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Oscar Circuit: “10 Weeks to Go”

Breaking down the final slate of contenders from 2012….

The Oscar race is beginning to formulate itself.  As it stands the Academy Awards have positioned themselves to be the wildest of wild cards of the Oscar season.  Since Oscar ballots are due January 3rd, the nominations will be one of many awards ceremonies coming down like wildfire.

The Screen Actors Guild Awards announce their nominee choices first beginning on December 10th.  The Broadcast Film Critics Association will name their best of the year with the Critics Choice Movie Awards being announced the next day on December 11th.  The Hollywood Foreign Press will follow-suit with their Golden Globe nominations on December 13th.  Mark my words; those four days will likely be the most important and telling aspects of the awards season.  If you start hearing the usual suspects, back-to-back and over and over, Oscar will be referring to these groups for citations for their own nominees when they’re announced on January 10th

As the New York Film Festival has officially come to a close, Ang Lee’s Life of Pi showed itself as a formidable contender in categories like Best Picture and Director.  The “secret” and surprise screening of Steven Spielberg’s Lincoln solidified itself as a serious threat this year.  While the film will land categories like Picture, Director, and Lead Actor (Daniel Day-Lewis) without skipping a beat, co-stars Tommy Lee Jones and Sally Field placed themselves firmly in their respective categories.  As Paramount Pictures gears up for their awards campaign, Denzel Washington has been the talk of the town for months for his performance in Robert Zemeckis’ Flight.  The closing night of NYFF and the very positive words for the film will be sure to bring Denzel back to the Oscar race since his win for Training Day (2001).  In a more surprising turn of events, the film itself is good enough to be considered for other categories like Best Picture and Supporting Actor for John Goodman.

As we are midway in the month of October, there are six other contenders waiting to pop their way into the season.  With the exception of our staff writer Mark Johnson, no other pundits out there have faith in Peter Jackson’s The Hobbit: An Unexpected Journey.  A seemingly mediocre trailer and an unpopular decision to turn the book into a trilogy have people grumbling with anticipation for a fantasy flop.

Gus Van Sant and the trailer for Promised Land didn’t turn too many heads when it premiered but when you think about it, many trailers this year misled the actual quality of what they could be (i.e. Lincoln).  Matt Damon teams up with co-writer and star John Krasinski along with Dave Eggers to bring this seemingly important piece to the screen.  Oscar-winner Frances McDormand and Rosemarie DeWitt round out the cast in what could be Focus Features’ big film of the year.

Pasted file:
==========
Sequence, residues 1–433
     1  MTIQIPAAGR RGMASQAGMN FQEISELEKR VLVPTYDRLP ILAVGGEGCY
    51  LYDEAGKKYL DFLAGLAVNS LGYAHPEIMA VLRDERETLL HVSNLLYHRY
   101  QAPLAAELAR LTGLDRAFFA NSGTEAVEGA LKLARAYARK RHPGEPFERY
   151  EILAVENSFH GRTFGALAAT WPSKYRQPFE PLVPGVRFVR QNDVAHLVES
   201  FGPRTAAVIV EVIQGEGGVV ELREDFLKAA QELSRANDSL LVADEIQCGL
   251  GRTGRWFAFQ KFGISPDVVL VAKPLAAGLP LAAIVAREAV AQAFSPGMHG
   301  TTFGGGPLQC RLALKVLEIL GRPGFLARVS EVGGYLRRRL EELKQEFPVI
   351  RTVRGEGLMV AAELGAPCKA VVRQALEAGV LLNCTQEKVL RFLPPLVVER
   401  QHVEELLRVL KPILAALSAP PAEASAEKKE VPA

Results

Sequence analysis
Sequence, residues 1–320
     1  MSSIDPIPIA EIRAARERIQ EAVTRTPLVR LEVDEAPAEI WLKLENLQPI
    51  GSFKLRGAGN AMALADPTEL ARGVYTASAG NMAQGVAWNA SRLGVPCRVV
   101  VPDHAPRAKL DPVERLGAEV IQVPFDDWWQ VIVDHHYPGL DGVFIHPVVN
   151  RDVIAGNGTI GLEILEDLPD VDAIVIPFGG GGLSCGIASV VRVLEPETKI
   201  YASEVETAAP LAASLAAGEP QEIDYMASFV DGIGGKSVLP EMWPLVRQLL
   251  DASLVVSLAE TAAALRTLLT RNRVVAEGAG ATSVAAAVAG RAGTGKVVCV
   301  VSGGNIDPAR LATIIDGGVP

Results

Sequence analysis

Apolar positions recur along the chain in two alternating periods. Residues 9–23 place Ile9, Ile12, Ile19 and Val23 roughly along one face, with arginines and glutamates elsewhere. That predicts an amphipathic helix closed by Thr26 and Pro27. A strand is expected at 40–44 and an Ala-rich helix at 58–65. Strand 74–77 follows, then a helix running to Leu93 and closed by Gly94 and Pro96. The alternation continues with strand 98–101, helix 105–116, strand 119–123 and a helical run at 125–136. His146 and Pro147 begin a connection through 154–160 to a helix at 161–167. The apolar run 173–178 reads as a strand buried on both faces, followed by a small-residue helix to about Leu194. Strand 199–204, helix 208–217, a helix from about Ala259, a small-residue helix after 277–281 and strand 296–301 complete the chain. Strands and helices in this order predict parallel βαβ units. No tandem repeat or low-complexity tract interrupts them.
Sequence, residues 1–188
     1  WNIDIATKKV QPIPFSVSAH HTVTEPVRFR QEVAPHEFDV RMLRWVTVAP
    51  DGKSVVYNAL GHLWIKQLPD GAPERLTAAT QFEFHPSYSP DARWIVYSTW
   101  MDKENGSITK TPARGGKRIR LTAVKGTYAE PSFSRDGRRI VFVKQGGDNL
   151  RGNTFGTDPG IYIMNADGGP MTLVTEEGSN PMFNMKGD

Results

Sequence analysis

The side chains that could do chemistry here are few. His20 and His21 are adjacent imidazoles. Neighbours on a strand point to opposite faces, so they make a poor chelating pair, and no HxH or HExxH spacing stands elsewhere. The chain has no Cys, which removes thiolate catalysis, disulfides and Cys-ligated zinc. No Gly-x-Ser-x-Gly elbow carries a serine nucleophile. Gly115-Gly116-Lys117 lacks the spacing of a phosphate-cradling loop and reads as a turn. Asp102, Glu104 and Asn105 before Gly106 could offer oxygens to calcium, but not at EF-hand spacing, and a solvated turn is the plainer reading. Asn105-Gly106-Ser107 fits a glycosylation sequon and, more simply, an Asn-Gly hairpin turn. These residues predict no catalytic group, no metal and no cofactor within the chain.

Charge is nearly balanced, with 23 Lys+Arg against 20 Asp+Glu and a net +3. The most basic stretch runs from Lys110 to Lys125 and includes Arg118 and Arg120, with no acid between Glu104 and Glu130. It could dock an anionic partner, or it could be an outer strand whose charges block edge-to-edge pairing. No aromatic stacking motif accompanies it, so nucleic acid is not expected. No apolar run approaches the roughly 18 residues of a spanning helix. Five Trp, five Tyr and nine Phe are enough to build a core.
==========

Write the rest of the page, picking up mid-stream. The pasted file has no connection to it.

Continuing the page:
The second trailer for Quentin Tarantino’s Django Unchained re-ignited the excitement for not only the film but the prospect of three-time Academy Award nominee Leonardo DiCaprio snagging his first Oscar for Supporting Actor.  While the film continues to look more and more like something that could be a populist favorite but not the Academy’s cup of tea, Tarantino and DiCaprio are revered in Hollywood.  A core group of members could come together along with a strong campaign from the Weinsteins and find their footing with multiple nominations.  Furthermore, the trailer featured some wonderful shots of Kerry Washington, who many say could be the standout in the role of Broomhilda, Django’s missing wife.

Jessica Chastain was front and center in the first full-length look at Kathryn Bigelow’s Zero Dark Thirty.  In the middle of a male predominate cast; it’ll be easy for Chastain to stand out with not only her stunning beauty but an incredible acting talent that she has shown earlier this year in John Hillcoat’s Lawless.  Up and coming actors Joel Edgerton, Chris Pratt along with Stephen Dillane, James Gandolfini, Mark Strong, and Scott Adkins may come together in this sure-to-be American crowd-pleaser.  Our own Terence Johnson and Scott Feinberg of the Hollywood Reporter suggested that Chastain may fit in a Lead campaign if her role is juicy and large enough.

On the other side of the fence and rather soon we’ll hear what Sacha Gervasi’s Hitchcock really looks like as a contender.  Academy Award Winners Anthony Hopkins and Helen Mirren lead this all-star cast that includes Toni Collette, Scarlett Johansson, Michael Stuhlbarg, Jessica Biel, and James D’Arcy.  What can this late entry from Fox Searchlight offer the Oscar race?  Many are placing bets on Hopkins and Mirren entering their respective categories based on the nature of the roles but is there room for Johansson, who has been left off for performances in Lost in Translation (2003) and Girl with a Pearl Earring (2003)?  How about Stuhlbarg who carried the Oscar-nominated A Serious Man (2009) on his bare shoulders?  He also has a memorable turn in Spielberg’s Lincoln this year which could help with a campaign.